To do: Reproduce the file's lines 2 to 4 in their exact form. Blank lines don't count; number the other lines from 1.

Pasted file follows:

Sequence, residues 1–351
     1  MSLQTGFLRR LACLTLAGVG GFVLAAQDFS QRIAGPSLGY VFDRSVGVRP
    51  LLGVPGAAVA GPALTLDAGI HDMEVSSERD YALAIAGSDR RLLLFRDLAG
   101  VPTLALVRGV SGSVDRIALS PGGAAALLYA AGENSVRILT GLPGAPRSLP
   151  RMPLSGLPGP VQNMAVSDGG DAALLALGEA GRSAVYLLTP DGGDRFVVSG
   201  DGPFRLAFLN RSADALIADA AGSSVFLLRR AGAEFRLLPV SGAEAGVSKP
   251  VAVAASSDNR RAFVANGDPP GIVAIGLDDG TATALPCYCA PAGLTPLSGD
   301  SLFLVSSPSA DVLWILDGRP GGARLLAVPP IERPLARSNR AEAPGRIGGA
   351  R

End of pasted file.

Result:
     1  MSLQTGFLRR LACLTLAGVG GFVLAAQDFS QRIAGPSLGY VFDRSVGVRP
    51  LLGVPGAAVA GPALTLDAGI HDMEVSSERD YALAIAGSDR RLLLFRDLAG
   101  VPTLALVRGV SGSVDRIALS PGGAAALLYA AGENSVRILT GLPGAPRSLP